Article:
Legal Interpreting Services for Settlement Negotiations
We’ve blogged about professional certified legal interpreting and translation services that help protect attorney-client privilege when the lawyer and the client speak different languages. Last month the Federal Circuit court handed down its decision in In re MSTG, Inc., Misc. Dkt. No. 996, where it declined to create a privilege that would prevent the disclosure of settlement negotiations during the discovery process. Thus, the case essentially extended the scope of discovery into settlement negotiations. Noting that this was a matter of first impression, the court relied on six factors that the Supreme Court has previously considered when assessing issues of privilege:
- The policy decisions of the states, noting that many have adopted a mediation privilege but not a settlement negotiation privilege.
- Whether Congress has considered the issue, finding that Federal Rule of Evidence 408 cut strongly against such a privilege as it does not all settlement negotiations to ‘prove or disprove the validity or amount of a disputed claim…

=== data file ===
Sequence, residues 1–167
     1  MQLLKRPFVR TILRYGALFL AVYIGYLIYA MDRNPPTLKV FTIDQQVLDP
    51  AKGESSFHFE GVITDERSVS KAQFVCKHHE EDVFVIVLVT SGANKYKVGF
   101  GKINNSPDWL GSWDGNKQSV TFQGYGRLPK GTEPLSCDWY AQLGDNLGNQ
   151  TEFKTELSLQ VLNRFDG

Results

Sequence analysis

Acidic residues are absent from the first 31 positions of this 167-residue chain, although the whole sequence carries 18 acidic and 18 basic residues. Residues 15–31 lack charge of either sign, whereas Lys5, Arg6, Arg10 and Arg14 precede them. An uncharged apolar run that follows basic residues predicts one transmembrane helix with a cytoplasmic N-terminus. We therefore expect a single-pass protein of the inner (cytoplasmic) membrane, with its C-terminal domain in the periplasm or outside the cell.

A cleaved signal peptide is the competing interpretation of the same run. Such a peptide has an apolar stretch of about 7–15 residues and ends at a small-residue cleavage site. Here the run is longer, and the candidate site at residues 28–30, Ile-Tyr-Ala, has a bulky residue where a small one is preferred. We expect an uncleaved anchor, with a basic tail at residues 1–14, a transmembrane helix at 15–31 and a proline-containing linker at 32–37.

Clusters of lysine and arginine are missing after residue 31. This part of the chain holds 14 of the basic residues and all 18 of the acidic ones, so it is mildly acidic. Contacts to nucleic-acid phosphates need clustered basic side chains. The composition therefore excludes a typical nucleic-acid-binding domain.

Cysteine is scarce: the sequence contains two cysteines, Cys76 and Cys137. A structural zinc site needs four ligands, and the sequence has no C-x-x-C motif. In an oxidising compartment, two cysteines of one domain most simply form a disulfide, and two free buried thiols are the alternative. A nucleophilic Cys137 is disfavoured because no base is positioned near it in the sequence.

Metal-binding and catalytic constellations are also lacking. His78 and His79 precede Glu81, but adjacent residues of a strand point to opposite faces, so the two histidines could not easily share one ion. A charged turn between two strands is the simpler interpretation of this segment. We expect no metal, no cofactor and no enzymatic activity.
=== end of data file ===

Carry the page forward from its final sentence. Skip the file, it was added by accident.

- That a settlement negotiation privilege did not appear on the Advisory Committee of the Judicial Conference’s list of evidentiary privileges.
- Because settlements occur routinely without privilege, there is no reason to create a settlement negotiation privilege to help facilitate settlements in general.
- Having a privilege with numerous exceptions would make it uncertain.
- That mechanisms already exist that a court can use to protect and promote settlement negotiations.
With no privilege existing, settlement negotiations are now fair game for discovery. When these negotiations are conducted in a foreign language, certified foreign language interpreters and legal document translations will be required.